If you think that banking is going through a crisis of confidence, ratings major S&P Global Ratings has some news for you. In its report titled The Worst Is Almost Over For India's Banks, S&P Global Ratings noted that India’s weakened banking system is set to strengthen over the next couple of years as stressed loans are cleared and capital injections from the government shore up eroded capital bases.

“We estimate that Indian banks’ recognised non-performing loans (NPLs) now cover a substantial part of weak loans in the system which comprises about 13%-15% of total loans,” said S&P Global Ratings credit analyst Geeta Chugh.

After the Reserve Bank of India (RBI) put out stringent recognition norms, Indian banks have categorised a big proportion of weak loans as NPLs. This, coupled with rebounding corporate profits, and quicker resolution of nonperforming assets under the new bankruptcy law, will help banks gradually recover from a protracted bad-debt cycle, according to S&P.

“We believe the Reserve Bank of India’s strengthening norms and more stringent timelines mean that banks will increasingly find it more difficult to window dress accounts to hide the true level of weak assets,” Chugh added.

Some bouts of turbulence cannot be ruled out, as RBI is reportedly conducting another asset quality review focussing on 240 corporate loans. An S&P Global Ratings’ release notes that many of these loans are already classified as NPLs, but RBI is said to be investigating whether they are under-provisioned.

So, another year of high provisioning is likely as public sector banks clean up their balance sheets and provide for losses on their stressed assets. Other drags on earnings include lower treasury income amid rising interest rates. “A turnaround in the earning performance of India’s banks should take place in fiscal 2020 (ending March 31, 2020),” the release notes. This turnaround could be delayed if large unexpected NPLs materialise in the agriculture sector, where for example government-granted loan repayment waivers could hurt credit discipline. “The loan-against-property segment may also be vulnerable,” the note adds.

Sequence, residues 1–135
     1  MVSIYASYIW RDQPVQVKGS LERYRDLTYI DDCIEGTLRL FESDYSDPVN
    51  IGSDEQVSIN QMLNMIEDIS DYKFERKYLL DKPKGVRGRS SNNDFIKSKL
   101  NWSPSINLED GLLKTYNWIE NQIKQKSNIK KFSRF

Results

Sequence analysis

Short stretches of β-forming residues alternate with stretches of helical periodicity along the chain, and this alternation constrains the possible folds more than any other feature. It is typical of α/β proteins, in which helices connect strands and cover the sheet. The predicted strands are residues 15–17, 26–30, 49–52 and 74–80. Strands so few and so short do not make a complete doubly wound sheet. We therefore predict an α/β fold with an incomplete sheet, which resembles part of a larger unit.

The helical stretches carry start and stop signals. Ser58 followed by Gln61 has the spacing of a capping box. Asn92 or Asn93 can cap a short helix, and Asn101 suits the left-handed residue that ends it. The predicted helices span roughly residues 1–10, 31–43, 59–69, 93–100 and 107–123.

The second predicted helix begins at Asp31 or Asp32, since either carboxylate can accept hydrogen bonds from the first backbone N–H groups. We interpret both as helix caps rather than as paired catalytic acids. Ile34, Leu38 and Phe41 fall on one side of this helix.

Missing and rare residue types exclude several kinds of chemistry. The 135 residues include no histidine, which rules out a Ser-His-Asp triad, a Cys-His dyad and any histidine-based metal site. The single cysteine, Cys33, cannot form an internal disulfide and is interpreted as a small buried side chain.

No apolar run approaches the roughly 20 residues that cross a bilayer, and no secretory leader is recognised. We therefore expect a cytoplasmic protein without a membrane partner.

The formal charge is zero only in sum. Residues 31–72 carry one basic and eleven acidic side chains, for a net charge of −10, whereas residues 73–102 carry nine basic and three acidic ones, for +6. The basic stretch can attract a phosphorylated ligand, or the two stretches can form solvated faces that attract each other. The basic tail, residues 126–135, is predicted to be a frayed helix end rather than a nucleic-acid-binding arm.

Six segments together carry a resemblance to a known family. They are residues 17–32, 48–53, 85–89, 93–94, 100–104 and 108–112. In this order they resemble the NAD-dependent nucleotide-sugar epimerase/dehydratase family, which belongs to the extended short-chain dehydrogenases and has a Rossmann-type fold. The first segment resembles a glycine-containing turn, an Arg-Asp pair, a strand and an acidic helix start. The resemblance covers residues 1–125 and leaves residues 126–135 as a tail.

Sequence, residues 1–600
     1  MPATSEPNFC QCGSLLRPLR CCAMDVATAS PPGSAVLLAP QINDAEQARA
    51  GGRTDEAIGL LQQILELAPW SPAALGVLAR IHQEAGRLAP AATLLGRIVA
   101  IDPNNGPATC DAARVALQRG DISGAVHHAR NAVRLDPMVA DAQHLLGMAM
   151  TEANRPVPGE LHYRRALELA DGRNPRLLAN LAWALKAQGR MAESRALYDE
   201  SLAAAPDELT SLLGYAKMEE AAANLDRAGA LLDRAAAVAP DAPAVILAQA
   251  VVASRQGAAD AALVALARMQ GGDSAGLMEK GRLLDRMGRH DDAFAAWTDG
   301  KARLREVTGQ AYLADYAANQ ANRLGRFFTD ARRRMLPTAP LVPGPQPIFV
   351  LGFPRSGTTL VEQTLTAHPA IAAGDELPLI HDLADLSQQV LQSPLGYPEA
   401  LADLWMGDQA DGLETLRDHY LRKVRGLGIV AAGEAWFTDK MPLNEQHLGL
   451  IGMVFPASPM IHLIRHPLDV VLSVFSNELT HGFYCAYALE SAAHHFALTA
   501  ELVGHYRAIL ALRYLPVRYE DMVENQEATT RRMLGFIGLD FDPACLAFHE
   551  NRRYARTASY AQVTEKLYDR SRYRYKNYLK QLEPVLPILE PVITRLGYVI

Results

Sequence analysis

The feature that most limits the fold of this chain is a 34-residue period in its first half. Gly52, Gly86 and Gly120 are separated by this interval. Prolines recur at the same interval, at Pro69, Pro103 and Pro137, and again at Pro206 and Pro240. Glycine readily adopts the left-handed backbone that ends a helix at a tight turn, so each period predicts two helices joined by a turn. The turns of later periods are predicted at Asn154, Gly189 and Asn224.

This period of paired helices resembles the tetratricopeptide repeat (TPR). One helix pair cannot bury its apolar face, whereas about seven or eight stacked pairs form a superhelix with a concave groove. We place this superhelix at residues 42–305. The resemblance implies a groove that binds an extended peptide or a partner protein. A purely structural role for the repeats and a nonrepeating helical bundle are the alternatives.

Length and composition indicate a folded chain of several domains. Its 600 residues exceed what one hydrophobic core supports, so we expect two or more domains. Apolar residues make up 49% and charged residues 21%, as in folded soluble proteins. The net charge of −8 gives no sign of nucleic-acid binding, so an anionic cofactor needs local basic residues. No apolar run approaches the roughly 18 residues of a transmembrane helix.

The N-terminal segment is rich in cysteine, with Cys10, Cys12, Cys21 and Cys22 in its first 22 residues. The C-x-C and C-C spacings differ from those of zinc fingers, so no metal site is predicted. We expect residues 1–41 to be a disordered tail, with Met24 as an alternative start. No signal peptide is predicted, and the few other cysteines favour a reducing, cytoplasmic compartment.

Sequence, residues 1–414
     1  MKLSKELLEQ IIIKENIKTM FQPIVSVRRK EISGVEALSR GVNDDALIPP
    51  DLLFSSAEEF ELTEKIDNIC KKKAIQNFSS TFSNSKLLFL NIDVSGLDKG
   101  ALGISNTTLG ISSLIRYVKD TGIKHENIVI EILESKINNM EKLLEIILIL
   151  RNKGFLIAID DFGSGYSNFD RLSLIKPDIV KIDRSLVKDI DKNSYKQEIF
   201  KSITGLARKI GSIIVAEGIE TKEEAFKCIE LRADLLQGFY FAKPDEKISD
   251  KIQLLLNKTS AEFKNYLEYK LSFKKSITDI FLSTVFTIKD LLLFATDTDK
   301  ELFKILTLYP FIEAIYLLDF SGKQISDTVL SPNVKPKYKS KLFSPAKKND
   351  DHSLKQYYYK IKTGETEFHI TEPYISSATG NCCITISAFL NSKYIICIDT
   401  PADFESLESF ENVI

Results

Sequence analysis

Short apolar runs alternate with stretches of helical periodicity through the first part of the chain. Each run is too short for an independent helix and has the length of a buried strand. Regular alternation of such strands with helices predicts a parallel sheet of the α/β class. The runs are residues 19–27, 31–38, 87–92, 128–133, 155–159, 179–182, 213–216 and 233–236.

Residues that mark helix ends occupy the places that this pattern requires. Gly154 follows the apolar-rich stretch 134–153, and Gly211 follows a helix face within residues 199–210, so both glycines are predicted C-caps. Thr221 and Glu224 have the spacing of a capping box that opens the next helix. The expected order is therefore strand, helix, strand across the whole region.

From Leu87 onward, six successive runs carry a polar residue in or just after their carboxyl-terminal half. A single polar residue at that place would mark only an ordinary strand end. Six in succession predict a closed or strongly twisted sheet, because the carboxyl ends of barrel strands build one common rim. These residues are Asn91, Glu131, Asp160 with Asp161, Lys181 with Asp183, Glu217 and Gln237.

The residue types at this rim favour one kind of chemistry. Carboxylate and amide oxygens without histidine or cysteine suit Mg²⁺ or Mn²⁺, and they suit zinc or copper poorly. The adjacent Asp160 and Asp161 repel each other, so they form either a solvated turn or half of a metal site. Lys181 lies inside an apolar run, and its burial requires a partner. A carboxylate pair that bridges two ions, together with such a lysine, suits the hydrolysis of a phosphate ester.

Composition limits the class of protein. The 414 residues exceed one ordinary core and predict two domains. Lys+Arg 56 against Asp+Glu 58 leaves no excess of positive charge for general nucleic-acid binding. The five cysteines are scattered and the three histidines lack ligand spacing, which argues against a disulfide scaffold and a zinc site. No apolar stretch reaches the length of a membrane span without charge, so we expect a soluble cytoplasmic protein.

The government is working on a four-pronged strategy to improve the health of the banking sector: recognition, recapitalisation, resolution, and reform. The first three of the “4Rs” has progressed significantly, but in S&P Global Ratings’ view, India hasn’t done enough with respect to reform. And, the rating major’s stable outlook on banks is underpinned by its expectations of a very high likelihood of government support.

“The government’s ongoing recapitalisation programme of Rs 2.1 trillion ($32 billion) will help shore up depleted capital positions,” Chugh added. “While we no longer think this programme is sufficient to meet the sector’s capital needs, we believe the government could arrange additional support as needed.”

Further, the ratings major believes the risk to its view is on the upside: ratings are more likely to be raised than lowered in the next two years. That said, weak risk management and internal-control practices limit the potential for considerable upside.

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